Donald Lambro

WASHINGTON -- Monday's House vote to kill the bipartisan economic rescue plan was a stunning profile in cowardice, disregarding a mountain of evidence that the U.S. economy is teetering on the brink of the worst calamity since the 1930s.

Credit markets were drying up as businesses found it harder than ever to get loans. Housing values continued to plummet and mortgage debts deepened, threatening to drive more banking institutions into insolvency. Home sales fell to new lows. Mortgage rates moved higher. The economy was shrinking -- fast.

When 95 Democrats and 133 Republicans in the House voted to reject the $700 billion rescue package, Wall Street sent stocks into a nose dive, with the Dow Jones plunging nearly 778 points, the biggest one-day decline in its history.

The U.S. economy was growing progressively weaker and, worse, the virus was spreading into European, Asian and Latin American markets, as banks were failing in Great Britain, Spain and elsewhere. U.S. exports in the global economy were weakening. Imports were down, undermining our trading partners.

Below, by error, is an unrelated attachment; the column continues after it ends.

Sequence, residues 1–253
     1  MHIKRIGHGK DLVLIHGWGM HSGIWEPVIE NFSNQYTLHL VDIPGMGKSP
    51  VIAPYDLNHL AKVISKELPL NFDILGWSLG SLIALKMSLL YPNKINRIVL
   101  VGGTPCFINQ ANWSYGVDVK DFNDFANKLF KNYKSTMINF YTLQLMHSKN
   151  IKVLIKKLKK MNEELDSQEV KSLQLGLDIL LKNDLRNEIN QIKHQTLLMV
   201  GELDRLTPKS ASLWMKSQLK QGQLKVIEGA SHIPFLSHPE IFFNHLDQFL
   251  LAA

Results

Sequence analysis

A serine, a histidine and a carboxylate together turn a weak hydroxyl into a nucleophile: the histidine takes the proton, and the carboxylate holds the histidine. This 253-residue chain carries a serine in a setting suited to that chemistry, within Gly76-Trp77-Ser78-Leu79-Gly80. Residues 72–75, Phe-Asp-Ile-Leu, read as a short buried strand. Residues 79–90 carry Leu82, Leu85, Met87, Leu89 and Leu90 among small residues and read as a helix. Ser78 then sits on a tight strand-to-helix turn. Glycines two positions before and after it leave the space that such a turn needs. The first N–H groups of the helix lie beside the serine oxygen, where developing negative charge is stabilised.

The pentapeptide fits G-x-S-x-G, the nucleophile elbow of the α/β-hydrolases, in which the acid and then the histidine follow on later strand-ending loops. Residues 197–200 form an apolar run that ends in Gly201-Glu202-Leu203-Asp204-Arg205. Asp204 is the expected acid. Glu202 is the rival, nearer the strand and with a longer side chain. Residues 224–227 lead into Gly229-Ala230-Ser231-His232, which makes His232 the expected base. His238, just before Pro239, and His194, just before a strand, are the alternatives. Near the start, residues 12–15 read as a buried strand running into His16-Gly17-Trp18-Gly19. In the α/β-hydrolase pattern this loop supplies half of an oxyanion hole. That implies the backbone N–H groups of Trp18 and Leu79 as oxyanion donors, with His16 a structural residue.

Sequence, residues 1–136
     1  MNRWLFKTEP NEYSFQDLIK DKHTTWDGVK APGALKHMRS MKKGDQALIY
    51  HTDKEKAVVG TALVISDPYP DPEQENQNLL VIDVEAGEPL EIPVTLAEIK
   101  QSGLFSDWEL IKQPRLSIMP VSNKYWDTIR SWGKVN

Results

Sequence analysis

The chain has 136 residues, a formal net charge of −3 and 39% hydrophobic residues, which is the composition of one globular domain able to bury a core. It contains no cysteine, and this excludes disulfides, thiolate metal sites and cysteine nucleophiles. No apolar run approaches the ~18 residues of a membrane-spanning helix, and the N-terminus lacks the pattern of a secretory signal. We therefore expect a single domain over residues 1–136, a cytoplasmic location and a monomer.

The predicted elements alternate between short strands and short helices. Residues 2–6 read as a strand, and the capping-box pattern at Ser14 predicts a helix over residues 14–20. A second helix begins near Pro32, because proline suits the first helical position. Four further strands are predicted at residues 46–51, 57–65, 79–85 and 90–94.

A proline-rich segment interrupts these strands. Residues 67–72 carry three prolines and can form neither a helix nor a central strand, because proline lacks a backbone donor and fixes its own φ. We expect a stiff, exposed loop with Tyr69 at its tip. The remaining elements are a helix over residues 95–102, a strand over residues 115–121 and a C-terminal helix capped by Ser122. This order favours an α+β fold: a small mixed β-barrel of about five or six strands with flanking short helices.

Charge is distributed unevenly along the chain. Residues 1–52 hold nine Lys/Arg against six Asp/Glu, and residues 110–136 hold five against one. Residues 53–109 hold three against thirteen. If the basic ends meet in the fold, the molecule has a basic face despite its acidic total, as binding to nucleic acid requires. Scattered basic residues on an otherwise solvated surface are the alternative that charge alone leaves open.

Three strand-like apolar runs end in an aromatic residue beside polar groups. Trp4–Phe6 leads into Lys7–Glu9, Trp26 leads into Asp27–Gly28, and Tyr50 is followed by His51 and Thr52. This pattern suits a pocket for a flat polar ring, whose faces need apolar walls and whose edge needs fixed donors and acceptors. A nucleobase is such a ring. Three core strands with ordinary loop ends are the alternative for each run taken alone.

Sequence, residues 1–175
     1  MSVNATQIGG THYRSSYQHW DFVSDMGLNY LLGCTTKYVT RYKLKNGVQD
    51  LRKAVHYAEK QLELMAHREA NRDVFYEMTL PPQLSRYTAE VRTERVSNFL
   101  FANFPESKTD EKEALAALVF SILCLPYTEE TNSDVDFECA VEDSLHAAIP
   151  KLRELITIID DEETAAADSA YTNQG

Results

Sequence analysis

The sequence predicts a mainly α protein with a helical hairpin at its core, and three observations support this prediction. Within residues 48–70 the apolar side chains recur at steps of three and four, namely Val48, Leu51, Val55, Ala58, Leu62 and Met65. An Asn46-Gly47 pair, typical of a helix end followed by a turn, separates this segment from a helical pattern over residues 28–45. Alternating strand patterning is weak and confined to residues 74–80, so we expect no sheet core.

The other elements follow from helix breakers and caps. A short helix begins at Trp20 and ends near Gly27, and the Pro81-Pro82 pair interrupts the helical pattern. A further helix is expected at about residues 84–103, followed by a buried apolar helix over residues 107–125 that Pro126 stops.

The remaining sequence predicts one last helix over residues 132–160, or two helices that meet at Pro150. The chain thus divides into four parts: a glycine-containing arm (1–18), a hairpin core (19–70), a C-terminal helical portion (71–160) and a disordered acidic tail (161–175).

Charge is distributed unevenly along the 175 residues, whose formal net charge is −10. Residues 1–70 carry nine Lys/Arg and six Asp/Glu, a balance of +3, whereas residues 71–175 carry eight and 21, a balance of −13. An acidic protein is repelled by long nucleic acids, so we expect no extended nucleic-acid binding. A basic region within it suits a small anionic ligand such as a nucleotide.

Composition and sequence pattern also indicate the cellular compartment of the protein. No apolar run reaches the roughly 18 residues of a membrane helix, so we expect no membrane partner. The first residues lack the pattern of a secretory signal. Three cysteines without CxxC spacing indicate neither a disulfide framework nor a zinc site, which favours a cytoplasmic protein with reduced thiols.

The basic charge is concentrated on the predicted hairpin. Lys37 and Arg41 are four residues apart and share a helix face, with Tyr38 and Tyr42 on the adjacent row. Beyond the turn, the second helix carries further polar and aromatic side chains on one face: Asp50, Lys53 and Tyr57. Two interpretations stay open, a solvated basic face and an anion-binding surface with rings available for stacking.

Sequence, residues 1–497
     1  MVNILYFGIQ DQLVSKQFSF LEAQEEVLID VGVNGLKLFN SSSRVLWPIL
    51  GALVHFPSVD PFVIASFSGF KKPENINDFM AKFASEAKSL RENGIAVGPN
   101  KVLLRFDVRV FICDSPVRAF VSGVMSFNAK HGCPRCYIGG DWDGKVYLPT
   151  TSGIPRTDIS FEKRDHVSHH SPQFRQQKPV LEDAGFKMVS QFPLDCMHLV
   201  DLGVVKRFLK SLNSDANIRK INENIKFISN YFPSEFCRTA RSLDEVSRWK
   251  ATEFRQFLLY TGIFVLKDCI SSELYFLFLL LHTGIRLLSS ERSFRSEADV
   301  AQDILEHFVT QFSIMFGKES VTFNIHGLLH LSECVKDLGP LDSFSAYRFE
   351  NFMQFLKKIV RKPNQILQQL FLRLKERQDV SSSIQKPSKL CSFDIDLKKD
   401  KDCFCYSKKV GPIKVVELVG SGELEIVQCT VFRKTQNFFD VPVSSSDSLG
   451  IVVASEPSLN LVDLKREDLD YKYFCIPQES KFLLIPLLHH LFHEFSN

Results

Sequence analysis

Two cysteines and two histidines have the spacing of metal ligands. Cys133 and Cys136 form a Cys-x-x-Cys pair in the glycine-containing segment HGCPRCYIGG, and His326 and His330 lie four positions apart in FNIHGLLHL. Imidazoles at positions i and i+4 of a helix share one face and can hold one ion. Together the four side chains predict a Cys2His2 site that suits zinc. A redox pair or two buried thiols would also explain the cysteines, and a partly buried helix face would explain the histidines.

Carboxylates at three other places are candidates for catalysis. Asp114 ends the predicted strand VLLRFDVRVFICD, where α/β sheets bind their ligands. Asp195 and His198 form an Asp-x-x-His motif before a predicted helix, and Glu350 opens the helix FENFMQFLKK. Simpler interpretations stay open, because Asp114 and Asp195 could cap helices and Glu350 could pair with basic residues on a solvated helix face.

And it isn't just the bears that have lost confidence in this financial crisis. Once-bullish Wall Street economists like David Malpass have grown much more pessimistic about our economy -- even if the plan had passed. "We now expect a sharp slowdown that could well be the start of a recession," he told clients last week.

This is the environment in which petulant, economically ignorant House members denied the country's economic problems were really as bad as Treasury Secretary Henry Paulson and Fed Chairman Ben Bernanke said they were.

The ideological and fiscal arguments against the plan on both sides of the aisle were preposterous on their face.

Free-market advocates said that America's free-enterprise capitalist system rewards success and punishes failure, and government has no business intervening in the marketplace to pick the winners and losers. That is unarguable when the economy is working as it should, but when entire economic sectors are failing as a result of a credit collapse or a loss of confidence in the nation's banking and other financial institutions, then it is sometimes necessary for government to step in to restore them. This is one of those times.

Democrats, ever playing class warfare, are portraying this plan as a bailout of rich Wall Street tycoons, when in fact it is aimed at unclogging the blocked credit markets on which Main Street America depends for its survival.


Donald Lambro

Donald Lambro is chief political correspondent for The Washington Times.